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Author Topic: extreme trains  (Read 16892 times)
Yampa Bob

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« Reply #60 on: December 24, 2008, 04:59:46 PM »

Well, I spent thousands of hours this year researching railroads, and consider myself well versed in railroad operations, but I found the program to be very interesting and enlightening.

Of course, if one is already a fully trained and certified railroad engineer, MOW specialist, freight and passenger operations manager, circus owner, etc,  with 20 years of experience, then I suppose one would find the show boring.  Cheesy
« Last Edit: December 24, 2008, 05:05:01 PM by Yampa Bob » Logged

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Woody Elmore

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« Reply #61 on: December 26, 2008, 10:18:40 AM »

I watched the Ringling Brothers commercial that was disguised as an episode of "Extreme Trains."  The RBBB was the first company to go after companies that used the name and logos without their permission. Walthers was almost sued back in the late Seventies by them (They produced a model of one of the RBBB cars.)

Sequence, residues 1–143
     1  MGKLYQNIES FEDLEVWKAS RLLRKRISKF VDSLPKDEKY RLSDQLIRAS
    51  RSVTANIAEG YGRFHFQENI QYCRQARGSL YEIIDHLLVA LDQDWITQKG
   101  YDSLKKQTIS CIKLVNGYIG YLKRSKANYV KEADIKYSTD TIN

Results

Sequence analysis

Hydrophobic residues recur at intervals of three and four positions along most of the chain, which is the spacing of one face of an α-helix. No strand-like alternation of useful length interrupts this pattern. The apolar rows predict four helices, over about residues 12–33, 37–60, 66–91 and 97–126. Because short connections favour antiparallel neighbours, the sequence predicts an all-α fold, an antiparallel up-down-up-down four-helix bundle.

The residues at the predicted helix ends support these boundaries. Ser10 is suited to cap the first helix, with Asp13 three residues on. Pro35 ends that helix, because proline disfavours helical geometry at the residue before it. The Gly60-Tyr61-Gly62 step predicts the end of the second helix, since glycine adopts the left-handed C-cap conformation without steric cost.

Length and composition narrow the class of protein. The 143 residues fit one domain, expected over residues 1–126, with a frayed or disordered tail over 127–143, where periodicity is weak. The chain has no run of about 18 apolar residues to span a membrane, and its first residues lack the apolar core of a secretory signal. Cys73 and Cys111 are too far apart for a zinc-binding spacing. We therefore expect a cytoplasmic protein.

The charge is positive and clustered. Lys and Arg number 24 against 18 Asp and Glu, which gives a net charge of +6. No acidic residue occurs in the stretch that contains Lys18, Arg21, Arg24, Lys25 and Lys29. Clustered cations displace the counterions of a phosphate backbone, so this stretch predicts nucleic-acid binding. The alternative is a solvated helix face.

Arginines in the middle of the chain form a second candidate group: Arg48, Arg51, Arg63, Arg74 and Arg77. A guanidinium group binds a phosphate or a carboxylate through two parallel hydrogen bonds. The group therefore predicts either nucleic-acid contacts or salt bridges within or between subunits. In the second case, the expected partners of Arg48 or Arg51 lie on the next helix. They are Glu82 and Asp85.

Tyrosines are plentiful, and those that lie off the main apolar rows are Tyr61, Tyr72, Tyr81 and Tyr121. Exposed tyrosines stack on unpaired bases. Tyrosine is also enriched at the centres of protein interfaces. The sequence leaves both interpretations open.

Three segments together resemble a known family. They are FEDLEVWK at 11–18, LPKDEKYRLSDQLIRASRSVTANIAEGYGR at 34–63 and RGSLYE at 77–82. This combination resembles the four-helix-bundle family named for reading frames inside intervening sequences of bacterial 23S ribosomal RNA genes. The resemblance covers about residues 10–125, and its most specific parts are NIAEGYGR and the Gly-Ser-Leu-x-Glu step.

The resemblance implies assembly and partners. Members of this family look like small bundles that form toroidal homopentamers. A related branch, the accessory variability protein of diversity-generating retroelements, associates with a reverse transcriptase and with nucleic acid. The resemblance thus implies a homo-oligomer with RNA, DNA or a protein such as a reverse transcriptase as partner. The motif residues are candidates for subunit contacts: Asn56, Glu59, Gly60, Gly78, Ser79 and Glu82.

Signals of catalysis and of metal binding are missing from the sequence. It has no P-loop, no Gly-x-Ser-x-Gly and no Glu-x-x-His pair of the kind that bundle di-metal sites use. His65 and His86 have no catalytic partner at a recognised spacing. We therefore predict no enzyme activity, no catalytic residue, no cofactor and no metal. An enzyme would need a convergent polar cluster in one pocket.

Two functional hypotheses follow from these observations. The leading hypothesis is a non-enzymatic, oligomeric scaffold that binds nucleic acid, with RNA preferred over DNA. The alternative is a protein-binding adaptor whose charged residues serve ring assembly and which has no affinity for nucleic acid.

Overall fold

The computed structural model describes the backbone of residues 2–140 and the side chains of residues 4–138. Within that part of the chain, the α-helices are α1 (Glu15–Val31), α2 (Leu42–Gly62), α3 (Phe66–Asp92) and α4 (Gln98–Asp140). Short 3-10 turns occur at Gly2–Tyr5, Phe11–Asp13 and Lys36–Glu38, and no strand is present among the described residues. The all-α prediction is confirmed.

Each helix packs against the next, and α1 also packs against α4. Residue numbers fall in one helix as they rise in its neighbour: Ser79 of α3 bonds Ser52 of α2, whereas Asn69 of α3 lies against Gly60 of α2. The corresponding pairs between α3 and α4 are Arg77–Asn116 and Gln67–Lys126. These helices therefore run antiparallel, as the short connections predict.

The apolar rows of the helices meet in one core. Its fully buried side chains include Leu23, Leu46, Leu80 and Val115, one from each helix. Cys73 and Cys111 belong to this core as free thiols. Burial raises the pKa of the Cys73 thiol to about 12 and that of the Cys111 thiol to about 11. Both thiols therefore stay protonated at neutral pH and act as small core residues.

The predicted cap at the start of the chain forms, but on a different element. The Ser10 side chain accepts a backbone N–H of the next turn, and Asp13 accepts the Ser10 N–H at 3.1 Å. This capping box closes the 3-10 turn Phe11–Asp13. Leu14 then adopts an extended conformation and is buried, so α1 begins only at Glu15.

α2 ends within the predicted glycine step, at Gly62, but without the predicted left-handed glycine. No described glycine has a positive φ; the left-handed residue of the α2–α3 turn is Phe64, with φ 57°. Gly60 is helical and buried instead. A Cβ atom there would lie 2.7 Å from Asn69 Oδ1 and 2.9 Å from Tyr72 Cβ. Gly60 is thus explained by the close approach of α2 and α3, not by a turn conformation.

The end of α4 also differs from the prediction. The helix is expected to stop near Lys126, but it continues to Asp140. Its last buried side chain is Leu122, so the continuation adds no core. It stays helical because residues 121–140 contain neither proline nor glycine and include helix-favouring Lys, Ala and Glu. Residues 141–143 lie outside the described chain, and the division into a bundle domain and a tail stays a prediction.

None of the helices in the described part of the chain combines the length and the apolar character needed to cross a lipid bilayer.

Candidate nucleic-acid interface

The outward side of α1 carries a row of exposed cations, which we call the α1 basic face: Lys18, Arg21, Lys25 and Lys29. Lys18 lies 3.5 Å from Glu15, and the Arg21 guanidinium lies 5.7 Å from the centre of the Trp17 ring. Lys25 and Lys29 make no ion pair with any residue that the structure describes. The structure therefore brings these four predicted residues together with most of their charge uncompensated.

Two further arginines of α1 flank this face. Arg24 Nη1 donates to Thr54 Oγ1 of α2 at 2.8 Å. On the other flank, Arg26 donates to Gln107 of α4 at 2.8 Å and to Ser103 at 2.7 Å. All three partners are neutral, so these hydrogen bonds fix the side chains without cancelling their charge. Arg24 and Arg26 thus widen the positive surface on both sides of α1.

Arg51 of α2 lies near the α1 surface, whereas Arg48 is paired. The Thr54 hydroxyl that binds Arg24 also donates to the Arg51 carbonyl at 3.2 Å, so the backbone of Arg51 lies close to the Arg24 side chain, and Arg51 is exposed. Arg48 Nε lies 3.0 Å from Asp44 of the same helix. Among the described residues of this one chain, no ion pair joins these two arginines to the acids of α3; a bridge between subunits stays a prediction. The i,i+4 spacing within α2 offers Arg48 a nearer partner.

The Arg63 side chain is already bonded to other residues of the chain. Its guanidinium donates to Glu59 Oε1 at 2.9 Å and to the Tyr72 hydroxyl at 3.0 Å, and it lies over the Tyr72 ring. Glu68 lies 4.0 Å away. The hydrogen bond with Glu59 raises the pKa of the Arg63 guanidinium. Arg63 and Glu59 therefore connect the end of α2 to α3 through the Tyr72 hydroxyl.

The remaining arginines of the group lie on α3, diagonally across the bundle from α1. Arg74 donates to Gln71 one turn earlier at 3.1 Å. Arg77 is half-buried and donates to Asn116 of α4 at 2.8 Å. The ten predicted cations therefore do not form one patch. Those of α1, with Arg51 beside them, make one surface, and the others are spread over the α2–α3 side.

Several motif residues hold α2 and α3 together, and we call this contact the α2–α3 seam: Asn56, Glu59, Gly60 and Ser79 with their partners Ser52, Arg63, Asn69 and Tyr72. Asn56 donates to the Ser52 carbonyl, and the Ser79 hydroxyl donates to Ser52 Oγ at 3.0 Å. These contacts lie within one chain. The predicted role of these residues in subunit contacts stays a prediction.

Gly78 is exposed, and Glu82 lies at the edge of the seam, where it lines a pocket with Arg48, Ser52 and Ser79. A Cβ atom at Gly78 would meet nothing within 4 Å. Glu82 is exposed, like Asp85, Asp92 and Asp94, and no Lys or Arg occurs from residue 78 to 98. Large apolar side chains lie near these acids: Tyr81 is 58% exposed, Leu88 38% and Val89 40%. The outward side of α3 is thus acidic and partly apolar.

I did find parts of the show interesting because I've long had an interest in circus trains. The host has to stifle his enthusiam over some of the more mundane activities of regular day to day railroading.

Did anyone notice that he climbed down from a locomotive facing out? I thought that it was an unwritten rule to enter or leave a locomotive by facing the engine? Some kind of safety thing.
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Yampa Bob

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« Reply #62 on: December 26, 2008, 02:20:27 PM »

Remember P.T. Barnum's famous slogan?

I run large tractors on the ranch, you never exit equipment or large trucks facing out.  Same goes for the running board on smaller pickups.

As they say, "that's show biz", they edited out the face plants and butt busters.

If you like train videos, check out my thread "Scenic Railroads". 
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I know what I wrote, I don't need a quote
Rule Number One: It's Our Railroad.  Rule Number Two: Refer to Rule Number One.
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